eprosartan and penbutolol both increase serum potassium. Use Caution/Monitor.

                penbutolol, eprosartan. Mechanism: pharmacodynamic synergism. Use Caution/Monitor. Risk of fetal compromise if given during pregnancy.

              • esmolol

                esmolol and penbutolol both increase serum potassium. Use Caution/Monitor.

              • ethacrynic acid

                penbutolol increases and ethacrynic acid decreases serum potassium. Effect of interaction is not clear, use caution. Use Caution/Monitor.

              • ether

                penbutolol, ether. Either increases effects of the other by pharmacodynamic synergism. Use Caution/Monitor. Both beta blockers and ether depress the myocardium; consider lowering beta blocker dose if ether used for anesthesia.

              • etodolac

                penbutolol and etodolac both increase serum potassium. Use Caution/Monitor.

                etodolac decreases effects of penbutolol by pharmacodynamic antagonism. Use Caution/Monitor. Long term (>1 wk) NSAID use. NSAIDs decrease prostaglandin synthesis.

              • etomidate

                etomidate, penbutolol. Either increases effects of the other by pharmacodynamic synergism. Use Caution/Monitor. Risk of hypotension.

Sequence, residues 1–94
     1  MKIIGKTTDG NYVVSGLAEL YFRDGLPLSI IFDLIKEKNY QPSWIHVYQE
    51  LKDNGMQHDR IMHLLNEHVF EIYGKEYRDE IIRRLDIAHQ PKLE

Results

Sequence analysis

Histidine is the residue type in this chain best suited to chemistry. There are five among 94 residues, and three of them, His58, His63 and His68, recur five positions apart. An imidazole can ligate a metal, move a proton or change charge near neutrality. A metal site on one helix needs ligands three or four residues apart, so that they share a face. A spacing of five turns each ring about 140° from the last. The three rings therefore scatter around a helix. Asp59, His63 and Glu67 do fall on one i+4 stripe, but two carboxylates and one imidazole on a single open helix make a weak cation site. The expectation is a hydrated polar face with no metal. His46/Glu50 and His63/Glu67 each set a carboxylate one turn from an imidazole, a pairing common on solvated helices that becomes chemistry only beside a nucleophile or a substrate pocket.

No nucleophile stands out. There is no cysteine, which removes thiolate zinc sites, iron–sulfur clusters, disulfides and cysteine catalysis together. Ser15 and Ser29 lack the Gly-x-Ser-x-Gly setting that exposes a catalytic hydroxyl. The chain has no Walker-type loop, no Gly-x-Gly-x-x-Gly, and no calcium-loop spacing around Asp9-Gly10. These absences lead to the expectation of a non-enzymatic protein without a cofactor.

• felodipine

                penbutolol and felodipine both increase anti-hypertensive channel blocking. Modify Therapy/Monitor Closely.

              • fenbufen

                penbutolol and fenbufen both increase serum potassium. Use Caution/Monitor.

              • fenoprofen

                penbutolol and fenoprofen both increase serum potassium. Use Caution/Monitor.

                fenoprofen decreases effects of penbutolol by pharmacodynamic antagonism. Use Caution/Monitor. Long term (>1 wk) NSAID use. NSAIDs decrease prostaglandin synthesis.

              • fingolimod

                penbutolol increases effects of fingolimod by pharmacodynamic synergism. Use Caution/Monitor. Both medications decrease heart rate. Monitor patients on concomitant therapy, particularly in the first 6 hours after fingolimod is initiated or after a treatment interruption of at least two weeks, for bradycardia and atrioventricular block. To identify underlying risk factors of bradycardia and AV block, obtain a new or recent ECG in patients using beta-blockers prior to starting fingolimod.